glassy

Progress in Combating Glassy-Winged Sharpshooter

Dan Environment, Fruits & Vegetables

glassy
Glassy-winged sharpshooter (Homalodisca vitripennis)
Photographer: Reyes Garcia III, USDA Agricultural Research Service, United States
The glassy-winged sharpshooter is the culprit behind the spread of Pierce’s disease among grapevines. The insect infects the plant with the bacterium Xylella fastidiosa when it feeds on the sap from the xylem tissue of a vine.
Image taken in: United States

While no glassy-winged sharpshooter infestations were found in any new areas of the state last year, the Pierce’s Disease Control Program continued performing urban treatments in infested areas of Fresno, Madera, and Tulare counties.  There appears to be progress in combating the pest, as fewer treatments were required in 2018 compared to previous years.

Sharpshooters were found on approximately 860 properties with nearly 13 hundred properties being treated.  In Fresno County, the pest was found in Fowler, Kerman, Reedley, Sanger, and Selma last year. Possible treatments are being planned for those areas this spring.  105 properties in the community of Rolling Hills in Madera County were treated back in fall, with monitoring set to continue this spring.  Just over a thousand properties were treated in Tulare County last year after finding the pest in Exeter and Strathmore.  Monitoring will continue, as will plans for possible treatments in and around Visalia and Lindsay.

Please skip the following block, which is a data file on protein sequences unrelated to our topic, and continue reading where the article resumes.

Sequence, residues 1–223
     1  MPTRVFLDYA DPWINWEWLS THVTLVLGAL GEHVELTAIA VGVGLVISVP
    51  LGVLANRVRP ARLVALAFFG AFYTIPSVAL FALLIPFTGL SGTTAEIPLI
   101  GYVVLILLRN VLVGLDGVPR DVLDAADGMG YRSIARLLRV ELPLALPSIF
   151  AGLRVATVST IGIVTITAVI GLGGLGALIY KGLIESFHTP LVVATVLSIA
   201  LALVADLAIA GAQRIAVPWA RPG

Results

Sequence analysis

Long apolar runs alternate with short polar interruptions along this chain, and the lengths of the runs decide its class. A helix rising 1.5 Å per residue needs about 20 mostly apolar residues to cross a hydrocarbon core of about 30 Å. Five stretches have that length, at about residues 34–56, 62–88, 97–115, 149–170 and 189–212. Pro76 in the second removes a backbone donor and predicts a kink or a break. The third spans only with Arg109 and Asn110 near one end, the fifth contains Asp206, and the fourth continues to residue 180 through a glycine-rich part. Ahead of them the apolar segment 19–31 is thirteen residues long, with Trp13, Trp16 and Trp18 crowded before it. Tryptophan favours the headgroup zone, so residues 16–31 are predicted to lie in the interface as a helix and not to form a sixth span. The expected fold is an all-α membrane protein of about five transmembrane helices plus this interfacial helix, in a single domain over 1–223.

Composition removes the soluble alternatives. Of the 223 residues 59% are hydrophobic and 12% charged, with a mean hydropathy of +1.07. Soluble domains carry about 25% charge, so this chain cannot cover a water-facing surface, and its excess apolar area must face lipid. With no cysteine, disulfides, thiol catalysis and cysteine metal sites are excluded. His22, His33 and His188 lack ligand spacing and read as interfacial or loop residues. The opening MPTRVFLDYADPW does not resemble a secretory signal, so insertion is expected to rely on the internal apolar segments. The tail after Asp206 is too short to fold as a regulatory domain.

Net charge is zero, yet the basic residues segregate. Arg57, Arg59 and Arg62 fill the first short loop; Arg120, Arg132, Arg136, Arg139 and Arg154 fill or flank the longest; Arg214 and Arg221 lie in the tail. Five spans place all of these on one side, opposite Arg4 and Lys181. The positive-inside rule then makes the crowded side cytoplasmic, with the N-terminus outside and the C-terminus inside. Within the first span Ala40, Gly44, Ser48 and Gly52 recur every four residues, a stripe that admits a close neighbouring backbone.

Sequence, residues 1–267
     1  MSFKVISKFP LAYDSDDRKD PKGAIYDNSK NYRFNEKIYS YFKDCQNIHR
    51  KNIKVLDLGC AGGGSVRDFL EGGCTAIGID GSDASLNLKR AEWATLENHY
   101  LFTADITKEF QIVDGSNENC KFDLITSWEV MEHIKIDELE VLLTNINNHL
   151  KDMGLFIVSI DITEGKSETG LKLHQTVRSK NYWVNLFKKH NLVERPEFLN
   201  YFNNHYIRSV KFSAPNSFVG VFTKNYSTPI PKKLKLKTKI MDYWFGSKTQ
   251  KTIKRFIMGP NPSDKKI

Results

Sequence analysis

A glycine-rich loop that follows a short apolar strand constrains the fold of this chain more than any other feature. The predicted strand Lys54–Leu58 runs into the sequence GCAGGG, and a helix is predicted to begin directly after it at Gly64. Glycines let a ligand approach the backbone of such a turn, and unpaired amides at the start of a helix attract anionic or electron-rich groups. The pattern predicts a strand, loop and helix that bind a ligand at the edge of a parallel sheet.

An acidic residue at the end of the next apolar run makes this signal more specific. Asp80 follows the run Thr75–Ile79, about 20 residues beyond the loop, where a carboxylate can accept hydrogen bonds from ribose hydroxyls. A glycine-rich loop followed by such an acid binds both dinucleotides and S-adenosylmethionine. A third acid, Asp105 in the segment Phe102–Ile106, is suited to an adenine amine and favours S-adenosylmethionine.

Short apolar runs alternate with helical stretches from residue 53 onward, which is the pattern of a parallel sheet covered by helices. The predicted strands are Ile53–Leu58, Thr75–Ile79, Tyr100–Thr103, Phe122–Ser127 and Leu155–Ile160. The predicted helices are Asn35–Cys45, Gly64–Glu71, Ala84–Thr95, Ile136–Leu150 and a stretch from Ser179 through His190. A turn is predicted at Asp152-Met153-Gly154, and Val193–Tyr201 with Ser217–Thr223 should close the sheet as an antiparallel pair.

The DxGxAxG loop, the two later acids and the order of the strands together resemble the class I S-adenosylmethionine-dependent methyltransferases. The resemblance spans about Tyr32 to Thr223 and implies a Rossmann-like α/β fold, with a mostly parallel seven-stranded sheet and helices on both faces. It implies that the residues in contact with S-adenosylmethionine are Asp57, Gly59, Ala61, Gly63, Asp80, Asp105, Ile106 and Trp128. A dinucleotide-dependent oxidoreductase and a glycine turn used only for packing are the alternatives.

Progress in Combating Glassy-Winged Sharpshooter

Image credit: Glassy-winged sharpshooter (Homalodisca vitripennis) / by Reyes Garcia III, USDA Agricultural Research Service – This image is Image Number 1355010 at Insect Images, a source for entomological images operated by The Bugwood Network at the University of Georgia and the USDA Forest Service., Public Domain, Link